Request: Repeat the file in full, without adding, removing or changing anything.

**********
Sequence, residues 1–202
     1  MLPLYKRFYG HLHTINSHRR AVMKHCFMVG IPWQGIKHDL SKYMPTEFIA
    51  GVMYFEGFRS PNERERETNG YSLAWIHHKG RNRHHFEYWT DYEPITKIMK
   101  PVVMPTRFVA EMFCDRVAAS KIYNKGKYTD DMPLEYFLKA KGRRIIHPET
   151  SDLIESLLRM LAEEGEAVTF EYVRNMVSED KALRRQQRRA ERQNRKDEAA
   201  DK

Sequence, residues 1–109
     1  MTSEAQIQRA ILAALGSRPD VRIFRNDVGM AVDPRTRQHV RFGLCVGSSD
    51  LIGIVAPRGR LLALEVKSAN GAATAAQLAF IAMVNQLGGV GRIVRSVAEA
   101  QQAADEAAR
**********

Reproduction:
Sequence, residues 1–202
     1  MLPLYKRFYG HLHTINSHRR AVMKHCFMVG IPWQGIKHDL SKYMPTEFIA
    51  GVMYFEGFRS PNERERETNG YSLAWIHHKG RNRHHFEYWT DYEPITKIMK
   101  PVVMPTRFVA EMFCDRVAAS KIYNKGKYTD DMPLEYFLKA KGRRIIHPET
   151  SDLIESLLRM LAEEGEAVTF EYVRNMVSED KALRRQQRRA ERQNRKDEAA
   201  DK

Sequence, residues 1–109
     1  MTSEAQIQRA ILAALGSRPD VRIFRNDVGM AVDPRTRQHV RFGLCVGSSD
    51  LIGIVAPRGR LLALEVKSAN GAATAAQLAF IAMVNQLGGV GRIVRSVAEA
   101  QQAADEAAR